A norm for pay deals of 4½%-5%, given trend productivity growth of roughly 1% YoY, would imply unit labour cost growth that is well above the pace consistent with the inflation target. In theory, one might take the view that this pickup in pay would be self-correcting. If firms cannot pass increases in labour costs on to prices, then margins will fall and eventually firms will cut back on hiring such that unemployment rises and pay growth slows again. But there is little sign of this restraining effect at present. As noted, many firms believe they can pass on these cost increases to their selling prices. Indeed, the BoE Agents report that around 70% of firms have passed on (or expect to pass on in the next year) some or all of the increase in pay to their selling prices.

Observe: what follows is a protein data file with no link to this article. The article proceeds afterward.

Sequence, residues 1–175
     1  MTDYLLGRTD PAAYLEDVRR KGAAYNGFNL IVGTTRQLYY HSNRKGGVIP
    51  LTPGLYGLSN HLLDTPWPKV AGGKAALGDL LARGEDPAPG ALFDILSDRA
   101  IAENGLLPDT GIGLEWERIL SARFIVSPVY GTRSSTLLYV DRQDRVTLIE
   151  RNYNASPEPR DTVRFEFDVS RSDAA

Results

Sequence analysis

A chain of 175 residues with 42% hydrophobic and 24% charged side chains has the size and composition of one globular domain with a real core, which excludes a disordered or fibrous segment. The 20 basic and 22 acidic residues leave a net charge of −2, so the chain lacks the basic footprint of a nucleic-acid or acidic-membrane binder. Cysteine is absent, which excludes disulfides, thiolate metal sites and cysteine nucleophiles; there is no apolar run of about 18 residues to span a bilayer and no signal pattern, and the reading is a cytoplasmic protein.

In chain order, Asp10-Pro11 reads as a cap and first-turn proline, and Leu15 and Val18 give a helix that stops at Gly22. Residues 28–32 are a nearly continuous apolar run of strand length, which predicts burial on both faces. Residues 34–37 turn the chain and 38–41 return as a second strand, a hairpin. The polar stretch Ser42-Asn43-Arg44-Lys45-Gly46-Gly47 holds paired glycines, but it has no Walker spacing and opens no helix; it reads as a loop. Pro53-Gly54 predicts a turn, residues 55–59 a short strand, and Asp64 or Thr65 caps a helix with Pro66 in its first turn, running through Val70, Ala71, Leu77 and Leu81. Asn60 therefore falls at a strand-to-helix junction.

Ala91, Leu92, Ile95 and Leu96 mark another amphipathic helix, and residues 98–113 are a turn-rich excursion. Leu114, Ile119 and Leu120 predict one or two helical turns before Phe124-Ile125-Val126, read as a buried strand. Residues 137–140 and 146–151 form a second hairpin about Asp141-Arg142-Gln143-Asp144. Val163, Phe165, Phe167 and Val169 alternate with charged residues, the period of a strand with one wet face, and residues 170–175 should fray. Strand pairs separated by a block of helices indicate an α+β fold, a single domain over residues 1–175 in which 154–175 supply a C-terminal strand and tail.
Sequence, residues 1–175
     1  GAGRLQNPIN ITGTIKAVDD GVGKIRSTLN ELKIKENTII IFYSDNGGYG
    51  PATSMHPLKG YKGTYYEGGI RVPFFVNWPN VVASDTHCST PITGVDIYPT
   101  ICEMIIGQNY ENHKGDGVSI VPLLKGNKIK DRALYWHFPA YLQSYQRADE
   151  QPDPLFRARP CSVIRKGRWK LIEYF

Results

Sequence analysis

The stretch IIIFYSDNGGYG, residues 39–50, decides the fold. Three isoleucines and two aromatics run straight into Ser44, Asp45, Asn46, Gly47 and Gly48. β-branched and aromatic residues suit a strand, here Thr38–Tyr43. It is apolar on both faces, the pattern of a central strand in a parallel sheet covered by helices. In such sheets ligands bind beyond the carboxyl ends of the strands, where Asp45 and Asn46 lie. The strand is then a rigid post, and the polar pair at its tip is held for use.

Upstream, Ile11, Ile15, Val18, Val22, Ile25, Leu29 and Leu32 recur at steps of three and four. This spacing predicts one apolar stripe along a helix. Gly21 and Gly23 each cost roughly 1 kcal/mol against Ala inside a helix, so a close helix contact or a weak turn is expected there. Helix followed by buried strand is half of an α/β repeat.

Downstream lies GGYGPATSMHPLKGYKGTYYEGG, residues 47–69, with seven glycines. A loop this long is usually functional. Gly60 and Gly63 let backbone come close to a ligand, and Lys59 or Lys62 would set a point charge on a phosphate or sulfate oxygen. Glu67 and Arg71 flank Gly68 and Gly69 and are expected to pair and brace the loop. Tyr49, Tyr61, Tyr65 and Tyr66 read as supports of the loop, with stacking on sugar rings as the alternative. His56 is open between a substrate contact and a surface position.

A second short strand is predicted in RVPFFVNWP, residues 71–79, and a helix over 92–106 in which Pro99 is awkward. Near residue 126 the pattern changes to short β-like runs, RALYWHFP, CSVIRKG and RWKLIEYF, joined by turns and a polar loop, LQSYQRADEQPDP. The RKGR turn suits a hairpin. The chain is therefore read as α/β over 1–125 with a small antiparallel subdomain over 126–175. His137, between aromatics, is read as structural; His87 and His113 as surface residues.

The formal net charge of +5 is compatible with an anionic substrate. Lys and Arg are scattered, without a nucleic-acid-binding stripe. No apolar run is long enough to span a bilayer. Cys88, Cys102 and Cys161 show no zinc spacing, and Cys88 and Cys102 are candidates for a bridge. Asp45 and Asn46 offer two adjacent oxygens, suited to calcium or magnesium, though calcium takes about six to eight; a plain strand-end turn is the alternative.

So, in my view, the big picture is that, while the surge in energy prices accounts for quite a lot of the inflation overshoot, it is also the case that the economy is in significant excess demand and inflation expectations are not as well anchored as I would like.
What can Monetary Policy do?
In setting monetary policy, our focus is usually mainly on the inflation outlook roughly two years ahead, because it typically takes more than a year for changes in monetary policy to have their main impact upon economic activity and thus on prices. As our remit recognises, there is little monetary policy can do to address factors that have only temporary effects on inflation – affecting the near-term outlook, but not the outlook for inflation at the policy-relevant horizon.